If you haven't touched the prop and mixture controls prior to the landing,
there's no need to mess with them now. If you have reset them, take a moment
to re-lean the mixture as suggested for taxi-out.
You need to fix the power management for this procedure firmly in your
mind, practice it thoroughly, and stick to it every time. The traditional
method is "Mixture (rich), Prop (full forward), and Throttle (full
forward)," in that order.
The most conservative method is to set your mixture to full rich before you
enter the pattern (after you've cooled things down as above).
You may wish to modify this slightly with some engines at some airports, as
they may be set up a bit too rich for full power at sea level, and the
non-supercharged engines will definitely need to be leaned for best power at
It is more important to be mentally prepared for this perfectly normal
maneuver than to have all the controls in the cockpit set for it. It is
perfectly safe to make the approach AND landing with the prop set to a low
RPM, and the mixture set to LOP, PROVIDED you train yourself to take the above
actions in a reasonably expeditious (but not rushed) manner. You MUST practice
this, until it becomes second nature. For many pilots, just jamming the
throttle in is about all they can be expected to remember, and for them, the
classic approach is best.
I would guess that when you see (and hear!) someone running their engine in
the parking spot after landing "to cool the turbo," you are almost
always seeing someone who is getting it hotter than it was when he arrived at
the spot. If you don't make the high-drag approaches, and you lean brutally
after landing, that turbo will be just about as cold as it will ever get,
short of a shutdown. On the other hand, if you've made a long, high-drag
approach with high power, or you're one of those dreadful types who taxi with
cruise power while dragging the brakes to keep the speed down, or you have a
long, sharply uphill taxi to the ramp, you may need the cool down. A tip that
might do your engine more good is to hop right out after shutdown, and pop the
cowling open (or even just the oil access door) if you can. That will let a
LOT of heat out of the accessory section, avoiding "cooking" the
components, hoses, and seals there. But even that little tip is probably
completely unnecessary if there is more than 3-5 knots of wind blowing in the
general direction of either the front or the back (cowl flaps open, please) of
George Braly again:
We know of one operator of a turbo twin
Cessna. He owned the aircraft for 15 years before the issue of "turbo
cool down" ever showed up in the aviation literature. Through three
full TBO runs, with almost no premature engine or turbo problems, this
operator would routinely land at his uncontrolled airport, turn off at
mid-field, taxi about 100 yards, and immediately shut down both engines. The
aircraft was then promptly pushed into a T-hangar, where it could not
benefit from any natural wind for a further cool down. These would have been
ideal conditions to promote problems with turbochargers not being properly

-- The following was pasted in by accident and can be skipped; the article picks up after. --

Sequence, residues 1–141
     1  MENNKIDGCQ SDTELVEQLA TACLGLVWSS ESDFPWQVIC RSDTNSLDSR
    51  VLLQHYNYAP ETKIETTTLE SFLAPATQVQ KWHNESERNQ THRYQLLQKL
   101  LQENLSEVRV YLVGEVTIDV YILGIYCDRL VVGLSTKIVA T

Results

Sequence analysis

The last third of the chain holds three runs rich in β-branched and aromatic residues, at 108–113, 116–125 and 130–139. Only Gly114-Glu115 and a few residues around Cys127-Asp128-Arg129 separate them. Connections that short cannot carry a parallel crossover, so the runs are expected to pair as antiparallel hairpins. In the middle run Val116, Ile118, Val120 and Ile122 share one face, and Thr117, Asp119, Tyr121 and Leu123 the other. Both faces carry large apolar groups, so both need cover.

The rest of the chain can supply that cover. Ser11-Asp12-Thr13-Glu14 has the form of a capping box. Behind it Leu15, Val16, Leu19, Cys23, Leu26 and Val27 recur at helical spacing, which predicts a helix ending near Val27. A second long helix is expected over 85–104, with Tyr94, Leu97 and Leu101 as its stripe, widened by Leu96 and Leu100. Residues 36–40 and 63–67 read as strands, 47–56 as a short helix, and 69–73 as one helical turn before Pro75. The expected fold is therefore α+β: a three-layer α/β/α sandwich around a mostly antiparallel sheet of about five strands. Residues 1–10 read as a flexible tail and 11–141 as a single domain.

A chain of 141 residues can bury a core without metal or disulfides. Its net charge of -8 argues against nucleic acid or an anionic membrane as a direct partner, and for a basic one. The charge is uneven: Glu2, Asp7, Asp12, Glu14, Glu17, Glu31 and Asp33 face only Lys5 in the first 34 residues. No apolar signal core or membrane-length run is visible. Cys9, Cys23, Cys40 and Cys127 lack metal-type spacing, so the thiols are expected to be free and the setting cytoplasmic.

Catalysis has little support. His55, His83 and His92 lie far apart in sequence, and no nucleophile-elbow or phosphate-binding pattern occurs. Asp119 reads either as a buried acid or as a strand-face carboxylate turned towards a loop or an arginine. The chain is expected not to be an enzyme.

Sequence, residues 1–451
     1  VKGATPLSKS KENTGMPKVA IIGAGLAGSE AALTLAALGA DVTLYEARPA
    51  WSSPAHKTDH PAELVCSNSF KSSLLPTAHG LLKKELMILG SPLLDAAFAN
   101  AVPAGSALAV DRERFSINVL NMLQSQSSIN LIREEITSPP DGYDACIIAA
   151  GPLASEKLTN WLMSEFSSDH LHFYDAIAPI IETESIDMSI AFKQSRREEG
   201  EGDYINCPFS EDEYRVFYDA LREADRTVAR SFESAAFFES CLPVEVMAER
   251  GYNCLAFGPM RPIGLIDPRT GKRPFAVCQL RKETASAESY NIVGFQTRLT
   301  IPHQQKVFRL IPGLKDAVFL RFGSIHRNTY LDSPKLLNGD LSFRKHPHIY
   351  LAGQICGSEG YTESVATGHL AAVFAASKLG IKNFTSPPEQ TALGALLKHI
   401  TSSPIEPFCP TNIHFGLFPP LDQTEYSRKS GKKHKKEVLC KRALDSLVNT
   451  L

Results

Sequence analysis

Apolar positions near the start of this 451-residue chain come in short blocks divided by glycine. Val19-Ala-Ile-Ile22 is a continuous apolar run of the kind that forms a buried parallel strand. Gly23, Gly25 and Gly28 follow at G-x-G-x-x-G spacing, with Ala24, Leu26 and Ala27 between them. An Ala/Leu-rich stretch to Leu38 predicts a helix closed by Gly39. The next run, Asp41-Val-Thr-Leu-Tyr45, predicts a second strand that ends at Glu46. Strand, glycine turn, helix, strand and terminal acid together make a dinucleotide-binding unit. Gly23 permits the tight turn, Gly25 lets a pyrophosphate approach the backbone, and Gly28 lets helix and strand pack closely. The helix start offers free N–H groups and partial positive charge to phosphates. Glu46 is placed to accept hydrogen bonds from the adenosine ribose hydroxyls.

allowed to cool down, if there was any truth to this OWT. This operator, in
more than 8000 engine hours, never experienced any problems with the issue
of "coking" a bearing on a turbocharger.
Finally, here's a graph of the type of descent I've just described.
Click for a high-resolution version.
The chart begins at 11:49:21 PDT, on 10/02/2000, at 10,500 feet. Note that
TIT and EGT is read against the left side numbers, while all other parameters
are read against the right side. For the first five minutes, I pre-cool the
CHTs by beginning a gentle descent, and reducing RPM and fuel flow on the lean
side. That CHT drop too fast for you? Fine, you have complete control over how
fast you drop the CHTs, take all the time you want.
At about 11:55:00, I simply pulled the throttle back, and dropped the MP
from 31.0" to 18.0". In order to demonstrate where the mixture ended
up to a passenger, I fiddled with it a bit, and added just a bit of fuel. In
fact, it would probably have been better if I'd just left it alone (as I
usually do) because that extra tweak actually caused the CHTs and EGTs to
RISE! Uhh, what WERE you saying about "shock cooling"? We have just
pulled off 12 full inches of MP in one swell foop, and all engine temps go UP!
The reason is, of course, we have gone from very LOP (and relatively cool CHTs)
at a very high power setting, to just ROP at a very low setting. The linkages
in my engine are "just right" for this purpose, yours may vary, but
at worst, you'll need to fiddle with the mixture once, to get it just ROP, or
wherever you want it.
For the next 10 minutes on the chart, we descend at about 1,000 fpm, at
about 140 knots, gear up. If I'd wanted more descent, all I had to do was run
the IAS up to the bottom of the yellow arc, or put the gear down, or even pull
off more MP. For a couple minutes in the pattern, the CHTs dropped very gently
and then they rise a bit while taxiing in. At shutdown, they begin a long,
slow cooling process.
Well, we've gone from startup to shutdown, with a "flight time"
of five months! I hope I've not led you too far astray, and above all, I hope
I've made you think.
I think I'll take a break from engines, for a while!
Be careful up there!